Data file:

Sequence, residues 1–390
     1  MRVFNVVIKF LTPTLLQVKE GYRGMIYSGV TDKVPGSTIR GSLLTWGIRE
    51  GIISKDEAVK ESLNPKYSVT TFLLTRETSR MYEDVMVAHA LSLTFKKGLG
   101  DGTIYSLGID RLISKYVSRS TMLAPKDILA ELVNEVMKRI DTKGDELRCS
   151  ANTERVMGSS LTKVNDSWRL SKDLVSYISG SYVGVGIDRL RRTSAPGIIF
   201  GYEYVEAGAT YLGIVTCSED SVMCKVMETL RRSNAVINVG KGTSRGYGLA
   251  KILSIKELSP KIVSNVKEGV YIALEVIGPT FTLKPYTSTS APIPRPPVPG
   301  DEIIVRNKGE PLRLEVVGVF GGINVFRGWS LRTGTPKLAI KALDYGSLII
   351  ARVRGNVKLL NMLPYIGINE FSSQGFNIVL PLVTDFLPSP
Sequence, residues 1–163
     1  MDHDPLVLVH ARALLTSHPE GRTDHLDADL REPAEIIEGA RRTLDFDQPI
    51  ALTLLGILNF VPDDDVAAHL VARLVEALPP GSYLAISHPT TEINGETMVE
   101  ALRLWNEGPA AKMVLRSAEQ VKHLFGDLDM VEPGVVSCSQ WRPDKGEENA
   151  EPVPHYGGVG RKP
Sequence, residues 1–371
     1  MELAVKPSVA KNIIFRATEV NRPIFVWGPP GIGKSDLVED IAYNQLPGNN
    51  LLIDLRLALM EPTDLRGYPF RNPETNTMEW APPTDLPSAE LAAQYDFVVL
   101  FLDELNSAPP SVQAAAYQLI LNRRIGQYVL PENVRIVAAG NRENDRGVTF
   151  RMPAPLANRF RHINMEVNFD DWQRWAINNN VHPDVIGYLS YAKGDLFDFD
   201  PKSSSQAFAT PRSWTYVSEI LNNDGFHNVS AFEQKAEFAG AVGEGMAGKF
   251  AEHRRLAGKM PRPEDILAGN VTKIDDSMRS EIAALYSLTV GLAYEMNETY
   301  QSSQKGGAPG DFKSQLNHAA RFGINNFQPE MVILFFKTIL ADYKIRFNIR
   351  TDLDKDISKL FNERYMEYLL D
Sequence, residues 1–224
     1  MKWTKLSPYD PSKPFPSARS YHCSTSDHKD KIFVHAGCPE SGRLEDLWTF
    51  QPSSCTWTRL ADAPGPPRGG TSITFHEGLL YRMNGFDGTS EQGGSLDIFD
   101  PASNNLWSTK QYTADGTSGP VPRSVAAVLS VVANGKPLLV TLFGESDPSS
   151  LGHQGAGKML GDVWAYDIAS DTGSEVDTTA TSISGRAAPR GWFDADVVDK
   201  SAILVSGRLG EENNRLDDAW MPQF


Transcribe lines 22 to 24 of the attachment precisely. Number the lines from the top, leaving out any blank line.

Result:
   301  QSSQKGGAPG DFKSQLNHAA RFGINNFQPE MVILFFKTIL ADYKIRFNIR
   351  TDLDKDISKL FNERYMEYLL D
Sequence, residues 1–224